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In preparation for the Olympics, China has mobilized thousands of police and military and enacted unusual security masures to protect Beijing during the Games. Analysts examine how Beijing has sought to hone its image and tighten its security.
When Beijing won the right to host the 2008 Olympic Summer Games seven years ago, there were widespread celebrations and suggestions that it would bring greater openness to China.
It will be a big promote for the country to arrive in the right direction.
But in the lead-up to Friday night's opening ceremony, Chinese authorities have been detaining and arresting dissidents of all stripes and even ordinary Chinese with a grievance against the government.
This woman says she was held in solitary confinement for 20 days after associating with people involved in demonstrations against the Olympic torch relay.
OU WENZHOU, Human Rights Activist (through translator):
They pushed me into a car, and then they got a black cloth and covered my head like this. The whole ride was completely in the dark with the cloth on top of my head.
The Chinese government is also making it harder for potential trouble-makers from overseas, like those who protested the torch relay after the Tibet crackdown in March to get visas to come to China for the games. And the government is blocking rural residents from coming to Beijing to protest over local issues.
Security checkpoints now surround the capital city of nearly 17 million. Chinese authorities have set up three places for protests and demonstrations during the games: at three public parks, far from the main Olympic venues.
China says the crackdown is essential to prevent acts of terrorism, an issue that looms large for any Olympic host. Some 100,000 Chinese army troops have been deployed in that effort.
LIU JIANCHAO, Chinese Foreign Ministry Spokesperson (through translator):
It is necessary for us to tighten security measures according to specific situations in some important public places of Beijing during the Olympics.
Chinese officials point to yesterday's attack that killed 16 police officers in a majority Muslim city in western China. The city is home to a separatist group, the Turkestan Islamic Party, that last week released a video threatening attacks during the games and claiming responsibility for two bus bombings last month in south-central China.
Chinese officials have asked for the world's understanding of its need for stepped-up security.
LIU JIANCHAO (through translator):
We hope the international community can understand China's concerns and promote cooperation with China on the issue of fighting against terrorism.
President Bush, who left for Asia yesterday, told the Washington Post en route, "They're hypersensitive to a potential terrorist attack. My hope is, of course, that, as they have their security in place, that they're mindful of the spirit of the games and that, if there is a provocation, they handle it in a responsible way, without violence."
Mr. Bush will join other world leaders for the opening ceremony on Friday.
The crackdown extends beyond Beijing, as we hear in this report from John Ray of Independent Television News in Sichuan province. That's where a devastating earthquake hit in May.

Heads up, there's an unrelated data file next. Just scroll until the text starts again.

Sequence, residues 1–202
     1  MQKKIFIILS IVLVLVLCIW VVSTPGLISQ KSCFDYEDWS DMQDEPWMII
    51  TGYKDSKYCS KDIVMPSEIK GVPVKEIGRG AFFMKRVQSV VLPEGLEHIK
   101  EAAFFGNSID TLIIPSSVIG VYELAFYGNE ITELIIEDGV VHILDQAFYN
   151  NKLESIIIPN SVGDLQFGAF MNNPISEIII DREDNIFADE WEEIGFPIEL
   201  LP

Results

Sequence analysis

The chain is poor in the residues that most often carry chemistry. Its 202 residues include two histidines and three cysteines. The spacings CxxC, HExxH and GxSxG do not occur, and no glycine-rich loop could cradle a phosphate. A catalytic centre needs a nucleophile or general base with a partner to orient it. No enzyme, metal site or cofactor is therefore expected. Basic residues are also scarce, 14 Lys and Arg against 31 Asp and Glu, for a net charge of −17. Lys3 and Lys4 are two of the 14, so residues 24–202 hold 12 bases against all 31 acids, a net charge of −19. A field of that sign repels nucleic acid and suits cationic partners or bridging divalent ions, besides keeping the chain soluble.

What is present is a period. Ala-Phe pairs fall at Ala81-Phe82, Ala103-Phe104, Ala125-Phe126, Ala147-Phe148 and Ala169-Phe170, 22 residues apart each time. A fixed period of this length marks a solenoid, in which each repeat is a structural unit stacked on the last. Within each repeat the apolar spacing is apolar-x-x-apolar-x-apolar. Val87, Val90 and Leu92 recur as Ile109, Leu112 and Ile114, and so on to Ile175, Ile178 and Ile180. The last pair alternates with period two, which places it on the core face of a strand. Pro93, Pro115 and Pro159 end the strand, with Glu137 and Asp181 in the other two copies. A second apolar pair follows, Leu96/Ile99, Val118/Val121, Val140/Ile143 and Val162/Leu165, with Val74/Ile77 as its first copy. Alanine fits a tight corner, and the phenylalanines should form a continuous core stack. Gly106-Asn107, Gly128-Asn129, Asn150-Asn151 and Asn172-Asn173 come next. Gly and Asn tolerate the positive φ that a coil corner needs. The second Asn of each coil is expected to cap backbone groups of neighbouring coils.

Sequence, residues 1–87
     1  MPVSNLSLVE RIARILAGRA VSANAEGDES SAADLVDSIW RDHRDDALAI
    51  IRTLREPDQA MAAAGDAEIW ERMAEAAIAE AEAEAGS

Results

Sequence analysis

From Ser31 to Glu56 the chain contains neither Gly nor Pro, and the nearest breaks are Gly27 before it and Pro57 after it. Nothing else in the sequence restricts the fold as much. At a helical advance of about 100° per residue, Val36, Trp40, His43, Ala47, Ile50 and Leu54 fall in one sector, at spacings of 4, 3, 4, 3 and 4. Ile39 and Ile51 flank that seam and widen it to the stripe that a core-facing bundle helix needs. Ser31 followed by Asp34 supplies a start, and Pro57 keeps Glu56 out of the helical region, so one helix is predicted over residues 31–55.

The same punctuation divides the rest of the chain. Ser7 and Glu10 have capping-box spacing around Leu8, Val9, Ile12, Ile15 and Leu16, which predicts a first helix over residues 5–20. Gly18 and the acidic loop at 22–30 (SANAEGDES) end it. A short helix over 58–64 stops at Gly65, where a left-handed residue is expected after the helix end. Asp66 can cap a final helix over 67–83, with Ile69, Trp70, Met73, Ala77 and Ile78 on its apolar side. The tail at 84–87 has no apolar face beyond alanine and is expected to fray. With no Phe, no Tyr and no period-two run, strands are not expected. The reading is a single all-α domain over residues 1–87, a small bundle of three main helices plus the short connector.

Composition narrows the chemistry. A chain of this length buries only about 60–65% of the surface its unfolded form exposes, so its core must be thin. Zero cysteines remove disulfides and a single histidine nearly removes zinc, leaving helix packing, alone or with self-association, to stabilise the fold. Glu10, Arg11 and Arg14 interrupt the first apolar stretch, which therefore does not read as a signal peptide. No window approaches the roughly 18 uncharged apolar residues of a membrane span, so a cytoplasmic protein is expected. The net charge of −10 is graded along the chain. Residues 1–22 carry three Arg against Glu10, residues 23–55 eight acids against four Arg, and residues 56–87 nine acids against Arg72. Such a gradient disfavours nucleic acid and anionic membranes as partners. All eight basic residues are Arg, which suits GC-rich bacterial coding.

JOHN RAY, ITN’s ITV News Correspondent:
Last stop before Beijing for the Olympic flame, Sichuan today, where they paused to remember the dead of May's earthquake, even as more aftershocks struck the region.
The Chinese called the torch relay a journey of harmony. But here we found little harmony, only anger and tears.
Gian Ranjin's daughter died when her school collapsed, one of thousands of child victims. Now her mother has been warned not to ask awkward questions during the Olympics.
"We've been told that, if we make trouble, our names will be blacklisted and our phones bugged," she says.
China's response to the earthquake matched the scale of the disaster and won wide praise, but when parents began to blame corruption for the shoddy school buildings that buried their children, the authorities were no longer so sympathetic or welcoming, as we found out when police followed us on our return to Sichuan.
We came to meet the family of an activist who took up the parents' cause. In return, Wang Chi has been slung into jail and charged with possession of state secrets. Neither mother nor wife, let alone lawyer, has been allowed to visit.
ZENG LI, Wife of Jailed Activist (through translator): The principle of the Olympic spirit is harmony and democracy. The reason they've arrested my husband is they don't want him to speak the truth. He has no freedom of speech.
Back at the school, parents still gather every day, even though it's weeks since the ruins were cleared.
Outside, we meet mothers and fathers, and we see pictures of lost children. But before we can talk, plainclothes police arrive and demand our I.D. Every regulation, all these passes, is all to stop these parents talking to the outside world. There's no arguing. We're ordered to leave.
It hasn't taken very long for the plainclothes police to turn up and tell us that we really can't be here and that we're not allowed to talk to any of the parents. And they're telling us that we have to leave straight away.
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